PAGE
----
Author + information
- Received April 30, 2018
- Accepted May 3, 2018
- Published online June 27, 2018.
- Jeremy P. Moore, MD, MSa,∗ (, )
- Kevin M. Shannon, MDa,
- Roberto G. Gallotti, MDa,
- Christopher J. McLeod, MBBSb,
- Anca Chiriac, MDb,
- Edward P. Walsh, MDc,
- Narayanswami Sreeram, MD, PhDd,
- Akash R. Patel, MDe,
- Natasja M. De Groot, MD, PhDf,
- Johannes von Alvensleben, MDg,
- Seshadri Balaji, MBBS, PhDh,
- David S. Frankel, MDi,
- Christina Y. Miyake, MD, MSj,
- James C. Perry, MDk and
- Kalyanam Shivkumar, MD, PhDl
- aDivision of Cardiology, Ahmanson/UCLA Adult Congenital Heart Disease Center, UCLA Medical Center, University of California, Los Angeles, Los Angeles, California
- bDepartment of Cardiovascular Diseases, Mayo Clinic Florida, Jacksonville, Florida
- cDepartment of Cardiology, Boston Children's Hospital, Boston, Massachusetts
- dDepartment of Pediatrics, University Hospital of Cologne, Cologne, Germany
- eDepartment of Pediatrics, University of California San Francisco, Benioff Children's Hospital, San Francisco, California
- fDepartment of Cardiology, Erasmus University Center, Rotterdam, the Netherlands
- gDivision of Cardiology, Heart Institute, Children’s Hospital Colorado, University of Colorado, Aurora, Colorado
- hDivision of Cardiology, Department of Pediatrics, Oregon Health and Science University, Portland, Oregon
- iElectrophysiology Section, Cardiovascular Division, Perelman School of Medicine, University of Pennsylvania, Philadelphia, Pennsylvania
- jLillie Frank Abercrombie Section of Pediatric Cardiology, Texas Children's Hospital, Houston, Texas
- kDivision of Cardiology, Department of Pediatrics, Rady Children’s Hospital, University of California, San Diego, San Diego, California
- lArrhythmia Center, Department of Cardiology, University of California, Los Angeles, Los Angeles, California
- ↵∗Address for correspondence:
Dr. Jeremy P. Moore, Division of Cardiology, Ahmanson/UCLA Adult Congenital Heart Disease Center, University of California Los Angeles, UCLA Medical Center, 100 Medical Plaza Drive, Suite 770, Los Angeles, California 90095.
Objectives To determine the ventricular arrhythmia (VA) substrates in patients with unoperated and post-surgical Ebstein's Anomaly (EA).
Background EA is associated with variable atrialization of the right ventricle and a propensity for VA and sudden death. There are scant data on catheter ablation for VA in this population.
Methods This was a retrospective study involving 11 congenital heart disease centers.
Results A total of 24 patients (median age 17 [interquartile range: 11 to 37] years; age range 1 to 68 years; 42% men) with EA undergoing catheter ablation were identified. Prior tricuspid valve (TV) surgery had been performed in 12 (50%). Presenting symptoms were palpitations in 15, syncope in 4, aborted cardiac arrest in 4, and none in 1. At procedure, 28 VA substrates were encountered and 25 were completely characterized (median 1 per patient; cycle length 305 [interquartile range: 268 to 400] ms). In 3 cases, premature ventricular contraction (PVC) foci were targeted (1 with a history of PVC-induced ventricular fibrillation). VA mechanisms were focal in 15 and macro–re-entrant in 10, and did not differ significantly between those with and those without prior TV surgery (p = 0.7). Focal VAs predominantly localized to the atrialized right ventricle ARV in unoperated patients and to diseased myocardium or Purkinje tissue after TV surgery. Macro–re-entry was related to isolated scar or split potentials in the ARV in unoperated patients, and larger, more diffuse scar after TV surgery. Complete success was achieved in 22 (92%). There were 2 of 13 complications in patients <18 years of age and none in patients >18 years of age. There was a single recurrence over a median follow-up of 3.4 years.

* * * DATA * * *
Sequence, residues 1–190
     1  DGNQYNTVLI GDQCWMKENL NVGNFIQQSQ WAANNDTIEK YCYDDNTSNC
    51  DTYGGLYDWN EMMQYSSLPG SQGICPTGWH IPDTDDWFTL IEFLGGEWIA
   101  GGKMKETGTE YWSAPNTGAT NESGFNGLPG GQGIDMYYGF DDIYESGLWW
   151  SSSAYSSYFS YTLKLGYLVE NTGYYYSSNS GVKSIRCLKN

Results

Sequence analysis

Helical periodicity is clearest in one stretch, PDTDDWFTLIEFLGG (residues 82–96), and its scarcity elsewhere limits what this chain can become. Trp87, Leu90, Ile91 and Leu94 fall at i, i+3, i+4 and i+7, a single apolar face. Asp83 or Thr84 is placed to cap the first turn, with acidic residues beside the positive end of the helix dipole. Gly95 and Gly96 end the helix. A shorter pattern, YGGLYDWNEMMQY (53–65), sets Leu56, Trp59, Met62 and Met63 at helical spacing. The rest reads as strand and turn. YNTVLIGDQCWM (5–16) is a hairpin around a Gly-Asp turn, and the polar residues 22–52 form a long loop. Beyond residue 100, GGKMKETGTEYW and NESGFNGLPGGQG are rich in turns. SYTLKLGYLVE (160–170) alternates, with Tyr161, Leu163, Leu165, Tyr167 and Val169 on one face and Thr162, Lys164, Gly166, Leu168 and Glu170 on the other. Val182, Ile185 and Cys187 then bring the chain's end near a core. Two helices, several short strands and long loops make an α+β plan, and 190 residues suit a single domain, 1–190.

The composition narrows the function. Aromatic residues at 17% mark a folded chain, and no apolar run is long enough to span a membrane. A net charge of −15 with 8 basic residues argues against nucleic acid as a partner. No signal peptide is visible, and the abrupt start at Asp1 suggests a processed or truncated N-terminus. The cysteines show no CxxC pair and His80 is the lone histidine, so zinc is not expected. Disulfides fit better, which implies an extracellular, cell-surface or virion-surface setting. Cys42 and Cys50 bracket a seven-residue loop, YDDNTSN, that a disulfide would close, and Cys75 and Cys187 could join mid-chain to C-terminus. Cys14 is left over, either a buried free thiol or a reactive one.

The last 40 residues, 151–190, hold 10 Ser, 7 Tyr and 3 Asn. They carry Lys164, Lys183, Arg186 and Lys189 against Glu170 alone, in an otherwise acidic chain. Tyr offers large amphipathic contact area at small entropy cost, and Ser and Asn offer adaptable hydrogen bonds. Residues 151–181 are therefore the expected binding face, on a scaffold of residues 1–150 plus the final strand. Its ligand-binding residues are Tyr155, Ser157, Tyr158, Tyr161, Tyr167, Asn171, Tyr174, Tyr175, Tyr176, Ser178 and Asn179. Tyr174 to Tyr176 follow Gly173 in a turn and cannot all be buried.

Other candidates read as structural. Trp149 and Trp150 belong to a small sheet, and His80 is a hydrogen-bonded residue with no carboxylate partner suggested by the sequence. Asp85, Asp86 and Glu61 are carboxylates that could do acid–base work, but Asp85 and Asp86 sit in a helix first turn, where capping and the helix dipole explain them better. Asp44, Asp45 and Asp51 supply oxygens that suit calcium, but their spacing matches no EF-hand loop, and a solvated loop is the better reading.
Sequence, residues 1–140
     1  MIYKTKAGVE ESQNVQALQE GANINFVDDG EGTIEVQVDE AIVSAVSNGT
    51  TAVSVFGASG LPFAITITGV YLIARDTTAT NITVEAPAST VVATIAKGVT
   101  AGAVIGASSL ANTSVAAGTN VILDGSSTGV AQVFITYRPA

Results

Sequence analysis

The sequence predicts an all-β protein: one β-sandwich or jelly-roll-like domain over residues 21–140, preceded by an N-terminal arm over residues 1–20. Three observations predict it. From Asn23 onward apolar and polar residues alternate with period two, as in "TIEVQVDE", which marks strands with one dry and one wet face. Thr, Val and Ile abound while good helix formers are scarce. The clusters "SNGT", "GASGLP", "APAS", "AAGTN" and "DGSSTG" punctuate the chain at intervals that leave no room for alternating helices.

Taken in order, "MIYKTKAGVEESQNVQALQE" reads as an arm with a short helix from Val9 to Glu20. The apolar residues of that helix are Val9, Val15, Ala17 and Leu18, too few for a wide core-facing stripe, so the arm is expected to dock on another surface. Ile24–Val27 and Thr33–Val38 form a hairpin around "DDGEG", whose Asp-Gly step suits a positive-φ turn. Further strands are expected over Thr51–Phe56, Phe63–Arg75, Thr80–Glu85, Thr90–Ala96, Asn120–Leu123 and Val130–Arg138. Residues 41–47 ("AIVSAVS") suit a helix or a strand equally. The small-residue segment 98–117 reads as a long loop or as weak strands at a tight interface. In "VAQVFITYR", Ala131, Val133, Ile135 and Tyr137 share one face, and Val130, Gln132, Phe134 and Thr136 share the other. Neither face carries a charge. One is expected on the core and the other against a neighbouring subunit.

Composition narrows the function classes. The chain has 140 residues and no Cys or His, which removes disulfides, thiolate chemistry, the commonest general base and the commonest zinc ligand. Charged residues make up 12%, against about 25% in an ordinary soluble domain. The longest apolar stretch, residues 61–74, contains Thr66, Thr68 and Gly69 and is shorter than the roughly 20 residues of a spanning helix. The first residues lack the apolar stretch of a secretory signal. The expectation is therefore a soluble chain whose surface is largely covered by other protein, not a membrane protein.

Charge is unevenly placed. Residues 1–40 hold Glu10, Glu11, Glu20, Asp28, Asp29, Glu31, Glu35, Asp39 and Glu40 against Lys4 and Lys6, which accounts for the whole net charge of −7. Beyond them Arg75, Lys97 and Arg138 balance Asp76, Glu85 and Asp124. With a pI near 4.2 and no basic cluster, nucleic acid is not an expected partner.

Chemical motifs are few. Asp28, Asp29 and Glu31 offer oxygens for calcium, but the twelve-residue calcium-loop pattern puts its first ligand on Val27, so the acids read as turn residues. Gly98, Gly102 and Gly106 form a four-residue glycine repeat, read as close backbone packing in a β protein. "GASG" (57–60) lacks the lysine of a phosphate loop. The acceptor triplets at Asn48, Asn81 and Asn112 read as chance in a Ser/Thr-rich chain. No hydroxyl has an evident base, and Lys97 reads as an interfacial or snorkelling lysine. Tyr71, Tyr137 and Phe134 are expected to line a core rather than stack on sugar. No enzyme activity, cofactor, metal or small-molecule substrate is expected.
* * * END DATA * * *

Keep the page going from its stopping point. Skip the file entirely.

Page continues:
Conclusions VA in EA may be either focal or macro–re-entrant. In the absence of surgery, substrates chiefly involve the ARV. After surgery, focal VA involves injured myocardium or Purkinje tissue and re-entrant ventricular tachycardia is related to post-surgical scar. Catheter ablation is a reasonable therapeutic approach for these patients.
- catheter ablation
- congenital heart disease
- Ebstein’s anomaly
- sudden cardiac death
- ventricular tachycardia
Dr. Shivkumar is supported by National Institutes of Health Grant Nos. HL084261 and OT2OD023848. The authors have reported that they have no relationships relevant to the contents of this paper to disclose.
All authors attest they are in compliance with human studies committees and animal welfare regulations of the authors’ institutions and Food and Drug Administration guidelines, including patient consent where appropriate. For more information, visit the JACC: Clinical Electrophysiology author instructions page.
- Received April 30, 2018.
- Accepted May 3, 2018.
- 2018 American College of Cardiology Foundation
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